Herald homework: Standardized testing isn’t beneficial

Standardized tests have become a part of American education since the 1800s; expecting better student outcomes. However, research shows these exams may not be beneficial.

Standardized testing should not be mandatory for students; because skills essential for success in school and life are restrained, the narrowing educational curriculums and the mental problems arising. Initially, the vital skills restricted by standardized testing: “teachers would be able to help their students’ development of “soft skills” if they didn’t have to center their teaching on drills for tests,” explains Standardizedtesting.pdf.

Soft skills combine people, social and communication skills. Since these abilities mostly are developed at school, it is unfortunate that teachers cannot proceed their students with this growth. Furthermore, these inadmissible exams narrow curriculums; Standardizedtesting.pdf elaborates this happening because “extracurricular” subjects are not in the test. Unfairly, most colleges even require 2-3 years of the same foreign language learned earlier to qualify for admissions.

Moreover, the mental issues tests give to students are atrocious: “Standardized testing can place a huge amount of stress on students and teachers alike … as well as feelings of negativity directed at school and learning in general” (Everettsd.org).

Therefore poor, struggling students repeatedly forced to take the exams continue believing they will never succeed in school. Opposing sides may claim standardized testing enables teachers to know students who are ahead or behind. This is true, but standardized testing inaccurately measures student performance. So the Everett Public School district should reconsider making these tests imperative.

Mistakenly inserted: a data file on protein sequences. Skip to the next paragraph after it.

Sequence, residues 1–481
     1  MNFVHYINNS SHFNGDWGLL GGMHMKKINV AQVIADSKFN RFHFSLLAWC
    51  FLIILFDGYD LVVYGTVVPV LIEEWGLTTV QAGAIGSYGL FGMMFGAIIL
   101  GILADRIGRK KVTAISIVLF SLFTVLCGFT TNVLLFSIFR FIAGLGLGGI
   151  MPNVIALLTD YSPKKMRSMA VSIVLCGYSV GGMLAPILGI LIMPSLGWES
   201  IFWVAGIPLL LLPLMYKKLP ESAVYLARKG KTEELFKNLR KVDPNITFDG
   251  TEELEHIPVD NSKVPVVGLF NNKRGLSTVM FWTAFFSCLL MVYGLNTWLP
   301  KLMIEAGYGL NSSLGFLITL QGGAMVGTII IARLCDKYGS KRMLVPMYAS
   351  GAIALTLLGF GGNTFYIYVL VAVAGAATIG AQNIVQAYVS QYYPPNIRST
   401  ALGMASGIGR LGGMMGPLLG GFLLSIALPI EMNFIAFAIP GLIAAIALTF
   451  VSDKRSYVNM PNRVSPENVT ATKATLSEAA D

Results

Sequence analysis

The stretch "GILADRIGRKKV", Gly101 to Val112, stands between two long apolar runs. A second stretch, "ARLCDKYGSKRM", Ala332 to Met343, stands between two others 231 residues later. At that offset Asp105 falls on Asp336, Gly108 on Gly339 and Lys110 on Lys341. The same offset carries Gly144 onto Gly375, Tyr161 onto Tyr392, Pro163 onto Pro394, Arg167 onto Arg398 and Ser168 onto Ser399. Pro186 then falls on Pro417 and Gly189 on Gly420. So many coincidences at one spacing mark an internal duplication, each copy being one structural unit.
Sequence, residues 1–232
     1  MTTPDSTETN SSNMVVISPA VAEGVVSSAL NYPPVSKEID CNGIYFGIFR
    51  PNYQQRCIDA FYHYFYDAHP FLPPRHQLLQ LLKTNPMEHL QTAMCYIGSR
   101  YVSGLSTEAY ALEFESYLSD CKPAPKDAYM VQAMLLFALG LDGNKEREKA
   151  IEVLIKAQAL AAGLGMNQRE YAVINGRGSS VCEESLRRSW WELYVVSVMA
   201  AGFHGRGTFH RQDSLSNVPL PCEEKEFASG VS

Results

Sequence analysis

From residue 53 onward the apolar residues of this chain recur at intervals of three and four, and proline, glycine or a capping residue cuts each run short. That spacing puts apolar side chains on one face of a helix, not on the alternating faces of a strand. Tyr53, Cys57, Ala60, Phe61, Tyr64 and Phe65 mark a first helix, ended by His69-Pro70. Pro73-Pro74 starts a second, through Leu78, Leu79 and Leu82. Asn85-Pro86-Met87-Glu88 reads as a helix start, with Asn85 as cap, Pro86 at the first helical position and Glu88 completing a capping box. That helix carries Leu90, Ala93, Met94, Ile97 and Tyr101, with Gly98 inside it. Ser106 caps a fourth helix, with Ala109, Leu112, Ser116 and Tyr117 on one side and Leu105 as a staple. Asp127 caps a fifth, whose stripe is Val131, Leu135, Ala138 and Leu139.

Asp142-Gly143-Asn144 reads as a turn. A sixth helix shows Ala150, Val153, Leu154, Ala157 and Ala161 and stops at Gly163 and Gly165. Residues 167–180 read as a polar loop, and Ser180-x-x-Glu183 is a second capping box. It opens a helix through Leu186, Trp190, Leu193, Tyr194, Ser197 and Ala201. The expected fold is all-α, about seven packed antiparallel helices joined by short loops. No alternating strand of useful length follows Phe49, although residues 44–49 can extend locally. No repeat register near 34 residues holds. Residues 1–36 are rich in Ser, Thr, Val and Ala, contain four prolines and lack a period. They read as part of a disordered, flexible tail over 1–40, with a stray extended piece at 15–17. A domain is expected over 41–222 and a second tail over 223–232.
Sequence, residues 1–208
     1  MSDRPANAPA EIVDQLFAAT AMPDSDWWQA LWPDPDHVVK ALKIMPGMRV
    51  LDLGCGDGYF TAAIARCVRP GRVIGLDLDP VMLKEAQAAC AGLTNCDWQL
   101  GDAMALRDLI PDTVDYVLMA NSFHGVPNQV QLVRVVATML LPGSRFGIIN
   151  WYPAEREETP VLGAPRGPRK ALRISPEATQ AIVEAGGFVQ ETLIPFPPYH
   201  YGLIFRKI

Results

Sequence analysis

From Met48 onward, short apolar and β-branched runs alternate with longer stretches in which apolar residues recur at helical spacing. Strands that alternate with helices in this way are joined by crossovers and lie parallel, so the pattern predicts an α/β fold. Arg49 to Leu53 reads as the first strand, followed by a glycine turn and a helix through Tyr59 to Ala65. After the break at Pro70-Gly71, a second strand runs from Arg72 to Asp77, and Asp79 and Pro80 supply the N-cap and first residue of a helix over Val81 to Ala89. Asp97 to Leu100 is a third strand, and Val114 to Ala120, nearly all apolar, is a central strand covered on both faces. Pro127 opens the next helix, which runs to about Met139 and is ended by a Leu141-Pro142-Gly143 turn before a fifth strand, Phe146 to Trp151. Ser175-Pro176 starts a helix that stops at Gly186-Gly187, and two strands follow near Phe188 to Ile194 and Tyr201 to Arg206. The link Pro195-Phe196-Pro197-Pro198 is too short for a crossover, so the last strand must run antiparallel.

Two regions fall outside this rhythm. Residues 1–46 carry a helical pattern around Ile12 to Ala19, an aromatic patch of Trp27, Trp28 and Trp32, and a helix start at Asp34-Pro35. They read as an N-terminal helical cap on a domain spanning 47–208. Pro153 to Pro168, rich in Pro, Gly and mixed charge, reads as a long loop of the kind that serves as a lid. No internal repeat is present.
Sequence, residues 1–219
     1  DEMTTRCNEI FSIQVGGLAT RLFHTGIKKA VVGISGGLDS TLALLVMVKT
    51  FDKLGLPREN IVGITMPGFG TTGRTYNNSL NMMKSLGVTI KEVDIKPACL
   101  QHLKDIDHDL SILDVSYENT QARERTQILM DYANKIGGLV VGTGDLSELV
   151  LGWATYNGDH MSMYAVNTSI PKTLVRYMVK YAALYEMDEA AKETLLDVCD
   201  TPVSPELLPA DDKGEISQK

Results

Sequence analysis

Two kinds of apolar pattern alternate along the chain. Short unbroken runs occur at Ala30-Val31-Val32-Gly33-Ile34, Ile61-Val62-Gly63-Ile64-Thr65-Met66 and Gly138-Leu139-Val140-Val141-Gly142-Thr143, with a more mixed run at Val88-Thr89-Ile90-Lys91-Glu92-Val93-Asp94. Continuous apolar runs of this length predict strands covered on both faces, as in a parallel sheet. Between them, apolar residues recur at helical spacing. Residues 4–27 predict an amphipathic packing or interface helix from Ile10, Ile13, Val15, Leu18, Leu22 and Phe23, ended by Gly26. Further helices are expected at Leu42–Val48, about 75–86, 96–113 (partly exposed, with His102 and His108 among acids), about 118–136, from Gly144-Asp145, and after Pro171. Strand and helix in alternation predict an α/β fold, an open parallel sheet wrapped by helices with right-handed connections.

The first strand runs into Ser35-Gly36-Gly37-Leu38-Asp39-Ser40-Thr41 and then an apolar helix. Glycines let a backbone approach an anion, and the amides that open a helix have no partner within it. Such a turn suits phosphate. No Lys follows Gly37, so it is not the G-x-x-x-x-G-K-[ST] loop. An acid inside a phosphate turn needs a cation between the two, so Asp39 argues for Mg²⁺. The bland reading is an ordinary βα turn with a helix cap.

Hannah K.

sixth grade


Talk to us

More in Opinion

RGB version
Editorial cartoons for Tuesday, June 22

A sketchy look at the news of the day.… Continue reading

Senate Health Education, Labor, and Pensions Committee Chair Sen. Patty Murray, D-Wash., right, uses her gavel to begin a hearing on Capitol Hill in Washington, Thursday, June 17, 2021, to examine the COVID-19 response and recovery and how to support students in higher education and safely return to campus. Ranking member Sen. Richard Burr, R-N.C., is at left. (AP Photo/Susan Walsh)
Editorial: Court secures ACA but work remains for Congress

Congress still must deliver on Obamacare’s promises. A public option could complete the ACA’s goals.

Comment: Covid’s isolation has undermined youths’ mental health

Even as we emerge from the worst of the pandemic, many kids still deal with depression and more.

Harrop: Lucky for Republicans, Obamacare has survived

Now, both parties need to stop nibbling at the edges of reform and fully deliver on the ACA’s goals.

Comment: Bad Holocaust analogies proof we haven’t learned

Many know just enough to recite facts, even to express remorse, but we aren’t left asking questions.

Comment: How to get the most from the news you consume

A journalism ethics professor offers tips for selecting and evaluating your sources of news.

Boeing workers walk outside of Boeing's Everett assembly plant on Tuesday, April 21, 2020 in Everett, Wa. (Olivia Vanni / The Herald)
Editorial: Counting the costs of Boeing-Airbus trade battles

Government subsidies and the tariffs that resulted hurt trade and allowed a competitor to rise.

Scenes from Everett High School graduation at Angel of the Winds Arena on Saturday, June 15, 2018 in Everett, Wash. (Olivia Vanni / The Herald)
Editorial: Investment in foster youths offers path to diploma

Treehouse’s Graduation Success hopes to help more foster youths to continue to college and careers.

The Temple of Justice is shown Thursday, April 23, 2020, at the Capitol in Olympia, Wash., as Washington state Supreme Court justices hear oral arguments inside — but using remote video technology — in a case that addresses the safety of prison inmates during the coronavirus outbreak. Justices used remote video technology to conduct the court business and distance themselves from each other while broadcasting the arguments to viewers. During the hearing, lawmakers, law enforcement officials, and crime victims held a news conference to protest the release of some offenders. (AP Photo/Ted S. Warren)
Editorial: Courts, lawmakers shouldn’t make call on who’s media

Denying public records to a YouTube channel could risk the people’s access to what belongs to them.

Most Read